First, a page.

Nearly half of all couples say they argue over money, survey finds


Nearly half of Americans (48%) who are either married or living with a partner admit they get into scuffles over money, with a vast majority saying it has to do with their partner’s spending habits, a new survey finds.

Sarah Berger, founder of, a personal finance blog for young women which conducted the survey, says it’s important to set the tone early — even on the first date — to help manage your money expectations.

“We found that Millennials prefer to split the bill more than any other age group. I think that the data proves that hard and fast, traditional rules that dictate that the man should always foot the bill on the first date are outdated. Just like how men are no longer always the sole breadwinner in the family, money rules dictated by gender are no longer relevant,” Berger tells FOX Business.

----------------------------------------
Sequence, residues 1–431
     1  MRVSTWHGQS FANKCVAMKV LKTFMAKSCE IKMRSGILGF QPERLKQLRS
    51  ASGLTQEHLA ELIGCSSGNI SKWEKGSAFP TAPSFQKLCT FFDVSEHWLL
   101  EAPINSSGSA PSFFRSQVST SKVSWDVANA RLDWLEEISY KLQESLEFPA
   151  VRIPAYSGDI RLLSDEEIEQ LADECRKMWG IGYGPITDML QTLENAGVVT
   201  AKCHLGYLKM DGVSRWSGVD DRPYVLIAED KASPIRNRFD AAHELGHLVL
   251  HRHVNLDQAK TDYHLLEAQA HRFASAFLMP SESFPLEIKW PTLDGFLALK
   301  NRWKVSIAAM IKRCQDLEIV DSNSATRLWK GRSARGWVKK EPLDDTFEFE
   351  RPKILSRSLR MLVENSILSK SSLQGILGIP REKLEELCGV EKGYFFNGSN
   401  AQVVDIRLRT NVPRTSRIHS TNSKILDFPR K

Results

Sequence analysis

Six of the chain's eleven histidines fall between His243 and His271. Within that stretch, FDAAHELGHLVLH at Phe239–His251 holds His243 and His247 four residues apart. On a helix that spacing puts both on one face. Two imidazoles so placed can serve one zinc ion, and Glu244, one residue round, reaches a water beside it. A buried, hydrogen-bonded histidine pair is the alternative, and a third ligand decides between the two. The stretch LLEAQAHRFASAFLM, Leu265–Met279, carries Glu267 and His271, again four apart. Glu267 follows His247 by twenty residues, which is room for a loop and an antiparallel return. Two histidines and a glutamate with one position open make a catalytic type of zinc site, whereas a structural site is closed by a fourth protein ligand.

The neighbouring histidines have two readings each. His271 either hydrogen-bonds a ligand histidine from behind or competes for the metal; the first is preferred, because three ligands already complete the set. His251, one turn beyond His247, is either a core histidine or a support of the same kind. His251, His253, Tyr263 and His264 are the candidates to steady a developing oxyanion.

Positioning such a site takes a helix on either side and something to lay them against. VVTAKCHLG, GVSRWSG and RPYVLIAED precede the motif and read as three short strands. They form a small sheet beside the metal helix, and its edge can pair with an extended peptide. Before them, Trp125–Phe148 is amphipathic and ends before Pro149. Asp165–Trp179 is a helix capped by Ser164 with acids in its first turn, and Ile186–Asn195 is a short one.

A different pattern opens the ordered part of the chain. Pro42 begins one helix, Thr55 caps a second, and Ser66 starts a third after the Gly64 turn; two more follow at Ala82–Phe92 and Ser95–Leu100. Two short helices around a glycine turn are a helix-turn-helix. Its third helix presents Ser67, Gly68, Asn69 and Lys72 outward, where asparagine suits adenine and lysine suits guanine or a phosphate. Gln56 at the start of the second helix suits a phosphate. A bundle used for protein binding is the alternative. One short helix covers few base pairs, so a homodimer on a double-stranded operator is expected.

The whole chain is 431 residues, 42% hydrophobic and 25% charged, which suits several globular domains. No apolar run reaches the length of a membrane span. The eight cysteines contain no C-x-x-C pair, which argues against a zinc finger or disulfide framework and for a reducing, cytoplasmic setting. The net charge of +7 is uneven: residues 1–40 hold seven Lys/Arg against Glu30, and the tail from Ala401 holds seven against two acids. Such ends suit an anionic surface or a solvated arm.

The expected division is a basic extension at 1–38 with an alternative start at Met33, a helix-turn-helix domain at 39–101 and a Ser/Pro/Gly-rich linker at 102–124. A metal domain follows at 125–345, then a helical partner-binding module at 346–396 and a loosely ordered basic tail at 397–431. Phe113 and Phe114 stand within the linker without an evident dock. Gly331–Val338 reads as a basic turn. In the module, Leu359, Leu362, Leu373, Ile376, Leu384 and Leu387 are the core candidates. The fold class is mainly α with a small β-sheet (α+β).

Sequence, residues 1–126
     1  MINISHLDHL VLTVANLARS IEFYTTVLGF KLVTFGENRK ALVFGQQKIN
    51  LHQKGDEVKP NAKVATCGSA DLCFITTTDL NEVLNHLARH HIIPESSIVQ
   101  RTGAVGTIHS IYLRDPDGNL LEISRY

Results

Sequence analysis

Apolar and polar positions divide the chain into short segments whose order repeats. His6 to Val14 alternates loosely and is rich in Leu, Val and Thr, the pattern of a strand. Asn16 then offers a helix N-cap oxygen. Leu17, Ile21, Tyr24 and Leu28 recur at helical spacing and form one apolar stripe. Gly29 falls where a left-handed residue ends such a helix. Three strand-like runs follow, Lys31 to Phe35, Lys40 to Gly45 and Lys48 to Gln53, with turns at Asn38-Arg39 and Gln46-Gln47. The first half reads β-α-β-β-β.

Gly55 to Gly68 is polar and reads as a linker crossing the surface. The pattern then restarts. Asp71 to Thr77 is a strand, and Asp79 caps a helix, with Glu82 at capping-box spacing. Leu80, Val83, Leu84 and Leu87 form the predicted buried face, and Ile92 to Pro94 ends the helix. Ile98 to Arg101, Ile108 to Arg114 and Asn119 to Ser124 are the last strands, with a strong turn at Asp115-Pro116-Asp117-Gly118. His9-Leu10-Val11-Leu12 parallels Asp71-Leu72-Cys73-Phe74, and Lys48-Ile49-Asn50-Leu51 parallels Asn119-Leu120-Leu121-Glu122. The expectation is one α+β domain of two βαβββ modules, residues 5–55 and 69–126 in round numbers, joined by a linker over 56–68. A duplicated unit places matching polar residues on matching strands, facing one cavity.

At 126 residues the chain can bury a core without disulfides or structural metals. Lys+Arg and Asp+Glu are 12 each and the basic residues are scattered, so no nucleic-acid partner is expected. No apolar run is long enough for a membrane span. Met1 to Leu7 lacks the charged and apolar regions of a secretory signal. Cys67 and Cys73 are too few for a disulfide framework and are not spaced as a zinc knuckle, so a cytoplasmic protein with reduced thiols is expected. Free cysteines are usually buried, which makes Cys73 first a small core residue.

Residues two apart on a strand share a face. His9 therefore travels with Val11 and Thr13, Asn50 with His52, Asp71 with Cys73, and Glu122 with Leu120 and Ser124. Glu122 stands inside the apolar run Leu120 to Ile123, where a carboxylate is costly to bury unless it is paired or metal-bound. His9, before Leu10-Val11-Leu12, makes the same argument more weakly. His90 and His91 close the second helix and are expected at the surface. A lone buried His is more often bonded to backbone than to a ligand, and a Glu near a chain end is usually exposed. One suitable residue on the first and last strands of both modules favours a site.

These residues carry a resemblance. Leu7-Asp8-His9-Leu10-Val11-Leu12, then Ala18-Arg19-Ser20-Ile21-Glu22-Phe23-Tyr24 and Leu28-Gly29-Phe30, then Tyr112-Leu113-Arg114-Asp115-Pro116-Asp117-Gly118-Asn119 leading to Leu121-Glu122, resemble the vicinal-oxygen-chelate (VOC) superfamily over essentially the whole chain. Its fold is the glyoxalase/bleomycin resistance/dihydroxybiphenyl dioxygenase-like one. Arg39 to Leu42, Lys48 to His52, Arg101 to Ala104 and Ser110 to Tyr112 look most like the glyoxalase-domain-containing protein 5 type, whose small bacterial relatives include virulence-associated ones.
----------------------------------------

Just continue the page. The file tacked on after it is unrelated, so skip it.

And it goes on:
Younger Millennials under the age of 27 are also spending less on dates, according to the survey. When asked how much is appropriate for adults to spend on the first date, older Millennials (ages 27-36) and Gen Xers’ (ages 37-52) median response was $100. That number was twice as much as younger Millennials (under 27), Baby Boomers (ages 53-71) and the Silent Generation.

Berger says while it’s good to be on the same financial page as your partner — or date — you don’t need to have identical views.

“It’s okay to have your own opinion! What could fester romantic resentment later down the road, though, is if you both have totally different expectations as to how the other person saves and spends money. Set the tone early on to manage expectations, and if you have totally different spending and saving behaviors, keep separate accounts.”